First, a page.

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( Article Type: Explanation )

Bacteria are single-cell organisms. They are prokaryotic (which means their genetic material is not enclosed by a nuclear membrane and they do not have mitochondria or plastids). Many are decomposers, which get the nutrients they need to survive by breaking down complex organic compounds in the tissues of living or dead organisms into simpler inorganic nutrient compounds. This is why wounds must be cleaned – to prevent these organisms from living off the damaged cells of the wound and turning it ‘septic’ or infected. If wounds are left unattended long enough, gangrene (which is an advanced form of infection) may set in and can result in limb amputation or even death of the patient.

Bacteria can also seriously affect humans and domestic animals. The disease, tetanus, is caused by the bacterium, Clostridium tetani, and is characterised by muscles becoming rigid and inflexible. Anthrax, which affects cattle and sheep, is a bacterial disease. It spreads through spores and can result in Septicaemia (blood poisoning) and death in animals and humans.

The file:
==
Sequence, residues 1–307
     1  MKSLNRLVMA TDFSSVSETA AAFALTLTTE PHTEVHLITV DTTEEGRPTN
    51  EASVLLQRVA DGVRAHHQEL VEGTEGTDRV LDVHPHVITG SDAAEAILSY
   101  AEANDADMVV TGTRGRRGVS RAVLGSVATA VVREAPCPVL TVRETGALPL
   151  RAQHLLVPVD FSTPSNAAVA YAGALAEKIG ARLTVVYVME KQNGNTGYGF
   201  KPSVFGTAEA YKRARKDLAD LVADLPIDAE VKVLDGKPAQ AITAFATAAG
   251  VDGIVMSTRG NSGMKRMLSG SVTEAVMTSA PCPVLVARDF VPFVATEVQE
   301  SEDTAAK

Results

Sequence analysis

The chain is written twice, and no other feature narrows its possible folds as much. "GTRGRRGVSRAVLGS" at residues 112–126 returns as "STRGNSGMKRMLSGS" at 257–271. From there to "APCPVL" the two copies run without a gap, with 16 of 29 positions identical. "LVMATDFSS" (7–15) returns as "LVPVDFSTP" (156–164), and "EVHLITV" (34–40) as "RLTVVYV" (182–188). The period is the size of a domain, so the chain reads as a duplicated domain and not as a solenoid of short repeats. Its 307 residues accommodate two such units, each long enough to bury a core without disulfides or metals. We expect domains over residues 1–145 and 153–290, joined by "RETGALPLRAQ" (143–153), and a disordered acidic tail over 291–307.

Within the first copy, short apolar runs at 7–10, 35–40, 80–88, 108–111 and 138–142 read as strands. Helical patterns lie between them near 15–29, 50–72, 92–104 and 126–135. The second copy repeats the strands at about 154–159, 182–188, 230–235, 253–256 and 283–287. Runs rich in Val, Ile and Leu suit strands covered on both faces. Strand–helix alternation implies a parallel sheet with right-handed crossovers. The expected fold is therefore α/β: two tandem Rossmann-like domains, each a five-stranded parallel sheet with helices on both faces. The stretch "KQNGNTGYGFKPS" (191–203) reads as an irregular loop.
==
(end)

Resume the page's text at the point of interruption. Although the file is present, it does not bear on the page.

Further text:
Some bacteria, such as cyano bacteria (previously known as blue-green algae), can photosynthesise: they combine inorganic chemicals, using sunlight, to make the organic nutrient compounds they need to live. Whilst in the direct human context bacteria are often seen as a problem, they form a key part of the functioning of natural ecosystems. For example, of direct human value are bacteria that have been isolated, which live on oil and hydrocarbons. These have a use in dealing with oil spill clean ups and situations where oil clean-up detergents cannot be used for fear of causing other environmental damage. Bacteria occur everywhere in the biosphere and are responsible for activities ranging from the souring of milk to the decay of dead animals.